Research Blog

January 18, 2023

Biomarkers of Cardiovascular Health: The Omega-3 Index

Optimal Takeaways

The Omega-3 Index (O3I) reflects the amount of omega-3 EPA and DHA in red blood cell membranes as well as an indicator of tissue levels in the body, including cardiac and gastrointestinal tissue. 

An O3I below 8% is associated with an increased risk of cardiovascular disease, sudden death, inflammation, cognitive dysfunction, and depression. A high O3I may reflect excess omega-3 intake.

Conventional Lab Range: 2.5 – 16%

Optimal Dx’s Optimal Range: 8 – 16%

Low Omega-3 Index is associated with myocardial infarction, sudden cardiac death, cardiovascular disease, cognitive impairment, major depression, premature birth (Von Schacky 2019), acute coronary syndrome, dementia, non-alcoholic fatty liver disease, eye disease, inflammation, brain dysfunction, all-cause mortality (Davinelli 2020), psychosis (Alqarni 2020), worsening asthma control (Stoodley 2019), compromised red blood cell integrity, increased red cell distribution width (McBurney 2022), type 2 diabetes (Ma 2021),

and increased inflammation in conditions such as rheumatoid arthritis, inflammatory bowel disease, psoriasis (Simopoulos 2002).

High Omega-3 Index may be reflective of excess omega-3 intake.

Overview      

The Omega-3 index (O3I) reflects the amount of long-chain omega-3 eicosapentaenoic acid (EPA) and docosahexaenoic (DHA) in red blood cell membranes or the phospholipid portion of plasma. The index reflects EPA and DHA in tissues as well, including cardiac and gastrointestinal tissues. It is considered a valid biomarker for assessing cardiovascular risk, especially sudden cardiac death (Von Schacky 2019, Harris 2008, Gurzell 2014). The index also reflects omega-3 intake and compliance with intake recommendations (Harris 2013).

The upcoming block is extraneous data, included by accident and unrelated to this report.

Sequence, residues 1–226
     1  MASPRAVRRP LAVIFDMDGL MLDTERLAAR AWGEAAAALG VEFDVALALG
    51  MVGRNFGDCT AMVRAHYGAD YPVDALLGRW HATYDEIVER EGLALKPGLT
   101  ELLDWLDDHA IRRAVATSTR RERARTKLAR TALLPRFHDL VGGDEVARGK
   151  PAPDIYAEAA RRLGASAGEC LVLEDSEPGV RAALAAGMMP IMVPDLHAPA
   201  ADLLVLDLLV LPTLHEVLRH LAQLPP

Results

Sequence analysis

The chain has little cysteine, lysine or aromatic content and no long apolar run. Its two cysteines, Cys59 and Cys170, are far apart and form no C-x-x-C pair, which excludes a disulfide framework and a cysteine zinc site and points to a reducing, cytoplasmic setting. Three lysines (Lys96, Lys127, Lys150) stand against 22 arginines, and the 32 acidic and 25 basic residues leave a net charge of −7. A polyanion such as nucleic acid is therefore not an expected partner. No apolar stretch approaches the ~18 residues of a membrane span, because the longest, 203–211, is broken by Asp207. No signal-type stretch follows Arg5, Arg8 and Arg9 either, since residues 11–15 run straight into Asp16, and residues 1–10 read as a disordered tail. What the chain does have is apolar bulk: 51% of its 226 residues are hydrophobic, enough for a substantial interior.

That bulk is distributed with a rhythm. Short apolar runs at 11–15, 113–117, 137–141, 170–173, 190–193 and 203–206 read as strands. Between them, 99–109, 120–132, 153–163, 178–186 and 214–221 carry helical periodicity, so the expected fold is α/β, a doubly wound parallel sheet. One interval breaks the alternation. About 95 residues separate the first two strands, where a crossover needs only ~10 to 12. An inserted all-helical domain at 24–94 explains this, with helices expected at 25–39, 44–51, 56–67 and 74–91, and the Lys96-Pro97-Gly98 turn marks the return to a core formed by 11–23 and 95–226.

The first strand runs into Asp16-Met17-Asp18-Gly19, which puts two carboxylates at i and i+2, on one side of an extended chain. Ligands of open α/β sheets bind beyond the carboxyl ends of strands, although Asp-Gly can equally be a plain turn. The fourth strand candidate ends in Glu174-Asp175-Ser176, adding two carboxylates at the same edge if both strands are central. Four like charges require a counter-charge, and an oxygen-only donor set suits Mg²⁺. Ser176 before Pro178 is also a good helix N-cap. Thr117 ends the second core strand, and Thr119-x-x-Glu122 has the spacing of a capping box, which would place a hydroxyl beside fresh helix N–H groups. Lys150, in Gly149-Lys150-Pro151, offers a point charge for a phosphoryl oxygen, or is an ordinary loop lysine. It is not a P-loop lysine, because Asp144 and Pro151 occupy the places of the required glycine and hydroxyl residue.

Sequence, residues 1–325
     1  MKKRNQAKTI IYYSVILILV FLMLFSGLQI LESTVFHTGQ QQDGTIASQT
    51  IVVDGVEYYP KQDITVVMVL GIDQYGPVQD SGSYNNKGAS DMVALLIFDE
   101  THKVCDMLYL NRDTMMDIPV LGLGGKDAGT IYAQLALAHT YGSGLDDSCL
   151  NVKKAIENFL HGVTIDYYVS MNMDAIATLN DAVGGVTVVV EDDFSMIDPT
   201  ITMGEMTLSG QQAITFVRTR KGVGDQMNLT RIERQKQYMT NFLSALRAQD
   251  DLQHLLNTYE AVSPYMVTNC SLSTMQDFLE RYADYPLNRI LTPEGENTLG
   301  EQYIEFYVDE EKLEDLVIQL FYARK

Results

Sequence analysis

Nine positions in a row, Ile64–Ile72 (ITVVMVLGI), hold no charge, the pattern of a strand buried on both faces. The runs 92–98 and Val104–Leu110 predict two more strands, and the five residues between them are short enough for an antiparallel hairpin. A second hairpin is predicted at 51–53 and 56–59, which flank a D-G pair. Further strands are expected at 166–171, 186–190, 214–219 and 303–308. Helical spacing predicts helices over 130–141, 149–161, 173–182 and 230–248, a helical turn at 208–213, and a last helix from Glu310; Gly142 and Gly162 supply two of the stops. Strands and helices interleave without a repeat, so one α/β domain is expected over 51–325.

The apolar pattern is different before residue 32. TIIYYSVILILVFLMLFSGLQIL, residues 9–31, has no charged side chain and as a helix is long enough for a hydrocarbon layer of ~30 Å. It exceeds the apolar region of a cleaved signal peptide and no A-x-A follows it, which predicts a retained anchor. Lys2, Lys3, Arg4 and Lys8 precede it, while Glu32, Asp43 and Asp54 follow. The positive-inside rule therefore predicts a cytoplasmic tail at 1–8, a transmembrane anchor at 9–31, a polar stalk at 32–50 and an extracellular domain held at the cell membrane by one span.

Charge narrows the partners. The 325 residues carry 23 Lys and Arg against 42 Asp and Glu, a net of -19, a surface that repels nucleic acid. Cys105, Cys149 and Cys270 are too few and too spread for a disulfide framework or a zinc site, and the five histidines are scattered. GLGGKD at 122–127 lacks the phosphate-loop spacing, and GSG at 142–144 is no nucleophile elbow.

Omega-3 fatty acids support the integrity and function of red blood cells as well. A low O3I is associated with compromised cell membrane fluidity and flexibility and an elevated red cell distribution width (RDW). Elevated RDW is a potential marker of inflammation and increased risk of death from cardiovascular disease, lung disease, COVID-19, sepsis, and cancer. In one cross-sectional analysis of 25,485 adults, O3I was significantly inversely associated with RDW. A low O3I and an elevated RDW increases risk of red blood cell dysfunction and cardiovascular disease. Researchers recommend an O3I above 5.6% to help maintain a healthy RDW, partly by improving antioxidant stability and red cell fluidity and flexibility (McBurney 2022).

The O3I is also inversely associated with neutrophil-lymphocyte ratio (NLR), a marker of systemic inflammation. A low O3I and elevated NLR are associated with increased risk of chronic disease including cardiovascular disease and cancer. An O3I above 6.6% was associated with a desirable NLR in a study of 28,871 health individuals (McBurney 2022 NLR).

“A low Omega-3 Index fulfills the current criteria for a novel cardiovascular risk factor.” An O3I above 8% is a reasonable therapeutic target to reduce the risk of cardiovascular and inflammatory disorders. An index of 4-8% may be considered intermediate risk, while below 4% is high risk (Harris 2008). A review of the literature conducted in 2014 found that a mean O3I below 8% correlated with an increased risk of CVD (with an O3I of 7.1%), myocardial infarction (O3I 4.88-6.08%), major depression (O3I 2.9%), severe sleep apnea (O3I 4%), and diabetes with an O3I of 3.47% (Von Schacky 2014).

A 2017 meta-analysis of 10 cohort studies revealed that the risk of fatal coronary heart disease was significantly reduced by 15% for every standard deviation increase in the O3I. Dose-response research suggests that increasing EPA and DHA intake by 1.5 grams daily will increase the index by 4%. Researchers confirm that an index below 4% is high risk, while an index above 8% is desirable, with ranges from 8-12% observed in clinical research (Harris 2017). The Physicians’ Health Study revealed an 81% reduced risk of sudden death from cardiac causes when the Omega-3 Index was maintained above 4.98%. The highest risk was associated with an O3I below 3.45% (Superko 2013).